Duke University and Springer Nature collaborate to create a unique source for enhanced selection of perovskite materials

A recent collaboration between the Hybrid³ team at Duke University (led by Professor Volker Blum) and SpringerMaterials has resulted in an insightful project called the Hybrid Perovskite Data Set, which enables researchers to compare and analyze different materials and optimize their properties for specific applications.

The huge number of variations of perovskite materials can make it challenging to find the most suitable material for a specific application. Now, researchers can use the data set to design new materials and experiment with new compositions, making the discovery of new materials more efficient and effective.


The Organic-Inorganic Perovskite Data Set is freely available in SpringerMaterials and contains information on hundreds of perovskite compositions, properties, and synthesis methods. It includes information on organic-inorganic perovskite materials that have demonstrated exceptional performance in different applications and enables researchers to save time and resources usually spent trying to identify suitable materials.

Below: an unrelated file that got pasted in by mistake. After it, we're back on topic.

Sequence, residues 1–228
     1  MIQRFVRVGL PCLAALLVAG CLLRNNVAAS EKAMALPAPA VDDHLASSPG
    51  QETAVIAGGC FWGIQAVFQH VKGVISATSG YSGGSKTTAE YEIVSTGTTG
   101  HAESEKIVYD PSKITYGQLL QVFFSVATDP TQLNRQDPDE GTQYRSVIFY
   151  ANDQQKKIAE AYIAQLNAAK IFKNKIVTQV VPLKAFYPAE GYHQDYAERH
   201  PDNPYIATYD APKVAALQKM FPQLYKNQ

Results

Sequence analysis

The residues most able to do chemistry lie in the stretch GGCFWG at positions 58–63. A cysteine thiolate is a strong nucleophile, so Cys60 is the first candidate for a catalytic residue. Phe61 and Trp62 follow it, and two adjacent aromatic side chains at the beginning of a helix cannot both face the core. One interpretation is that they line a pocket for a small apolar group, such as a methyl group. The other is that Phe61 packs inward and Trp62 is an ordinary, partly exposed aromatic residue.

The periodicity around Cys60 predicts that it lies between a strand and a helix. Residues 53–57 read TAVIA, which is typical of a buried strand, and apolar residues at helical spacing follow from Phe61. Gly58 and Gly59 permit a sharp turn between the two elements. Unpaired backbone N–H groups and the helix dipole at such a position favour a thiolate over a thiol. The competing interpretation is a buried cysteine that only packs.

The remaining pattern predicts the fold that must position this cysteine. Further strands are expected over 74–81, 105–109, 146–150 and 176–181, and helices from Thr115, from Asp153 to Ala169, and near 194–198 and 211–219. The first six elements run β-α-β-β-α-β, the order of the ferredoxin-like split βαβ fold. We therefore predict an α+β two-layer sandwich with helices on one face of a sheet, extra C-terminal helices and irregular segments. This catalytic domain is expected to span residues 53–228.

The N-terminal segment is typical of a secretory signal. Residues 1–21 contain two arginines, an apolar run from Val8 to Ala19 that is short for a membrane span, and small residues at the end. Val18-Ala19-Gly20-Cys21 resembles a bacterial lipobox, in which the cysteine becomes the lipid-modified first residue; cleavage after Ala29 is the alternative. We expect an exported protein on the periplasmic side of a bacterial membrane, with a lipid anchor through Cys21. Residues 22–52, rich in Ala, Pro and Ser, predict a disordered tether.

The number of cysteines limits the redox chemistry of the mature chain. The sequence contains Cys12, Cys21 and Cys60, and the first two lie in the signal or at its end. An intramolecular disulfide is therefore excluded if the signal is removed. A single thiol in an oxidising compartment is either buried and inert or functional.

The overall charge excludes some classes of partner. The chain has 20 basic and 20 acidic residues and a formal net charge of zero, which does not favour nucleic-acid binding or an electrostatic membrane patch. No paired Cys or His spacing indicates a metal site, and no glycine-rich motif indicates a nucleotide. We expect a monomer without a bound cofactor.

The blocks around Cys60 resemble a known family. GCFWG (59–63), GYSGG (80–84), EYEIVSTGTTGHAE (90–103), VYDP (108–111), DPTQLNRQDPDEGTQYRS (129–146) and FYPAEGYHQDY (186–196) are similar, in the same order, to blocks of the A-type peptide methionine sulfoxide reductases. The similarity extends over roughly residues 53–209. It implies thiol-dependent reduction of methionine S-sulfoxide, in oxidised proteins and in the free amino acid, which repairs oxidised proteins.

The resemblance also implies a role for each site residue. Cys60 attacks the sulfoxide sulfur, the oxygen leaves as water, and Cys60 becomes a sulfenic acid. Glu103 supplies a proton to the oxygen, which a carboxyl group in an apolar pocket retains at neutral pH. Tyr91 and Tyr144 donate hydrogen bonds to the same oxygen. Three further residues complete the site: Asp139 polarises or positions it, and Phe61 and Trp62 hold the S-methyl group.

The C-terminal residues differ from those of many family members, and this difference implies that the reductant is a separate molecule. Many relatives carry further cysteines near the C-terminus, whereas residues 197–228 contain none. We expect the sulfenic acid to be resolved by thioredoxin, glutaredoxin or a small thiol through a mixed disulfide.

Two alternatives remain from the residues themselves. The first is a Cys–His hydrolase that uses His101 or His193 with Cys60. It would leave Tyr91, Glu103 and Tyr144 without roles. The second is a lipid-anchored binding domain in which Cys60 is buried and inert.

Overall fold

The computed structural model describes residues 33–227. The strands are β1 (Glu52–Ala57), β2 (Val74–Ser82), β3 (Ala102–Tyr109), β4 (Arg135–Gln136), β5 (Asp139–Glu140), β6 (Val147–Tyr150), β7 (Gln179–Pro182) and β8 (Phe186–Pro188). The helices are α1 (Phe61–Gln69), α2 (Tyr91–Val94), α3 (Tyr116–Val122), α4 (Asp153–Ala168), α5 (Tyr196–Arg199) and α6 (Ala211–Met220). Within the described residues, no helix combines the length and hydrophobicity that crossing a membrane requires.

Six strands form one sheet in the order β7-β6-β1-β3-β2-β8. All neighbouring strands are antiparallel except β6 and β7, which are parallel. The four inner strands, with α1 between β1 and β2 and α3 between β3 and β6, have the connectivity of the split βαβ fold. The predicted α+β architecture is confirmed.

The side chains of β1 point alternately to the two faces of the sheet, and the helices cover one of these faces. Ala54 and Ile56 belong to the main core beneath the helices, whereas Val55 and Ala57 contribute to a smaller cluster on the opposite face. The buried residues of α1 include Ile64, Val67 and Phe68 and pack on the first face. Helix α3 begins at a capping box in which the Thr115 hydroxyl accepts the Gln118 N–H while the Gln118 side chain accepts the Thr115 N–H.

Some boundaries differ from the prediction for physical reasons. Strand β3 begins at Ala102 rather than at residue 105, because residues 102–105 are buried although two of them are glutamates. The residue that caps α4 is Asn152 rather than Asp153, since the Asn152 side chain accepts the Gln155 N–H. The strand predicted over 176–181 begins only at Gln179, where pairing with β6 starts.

While the data on organic-inorganic perovskites is also available via Duke’s HybriD³ materials database, having this content included in SpringerMaterials ensures its longevity and regular maintenance. In addition, its value can be further enhanced by presenting it along with other organic and inorganic materials and their properties - inspiring new discoveries and collaborations, and ultimately contributing to the development of more efficient, sustainable, and cost-effective technologies in the areas of solar-cells, photodetectors, field-effect transistors, light-emitting diodes and, spintronics.

Interested in learning more about this collaborative project? Download the case study now to find out more.

This was a sponsored post by Springer Nature

Posted: May 18,2024 by Ron Mertens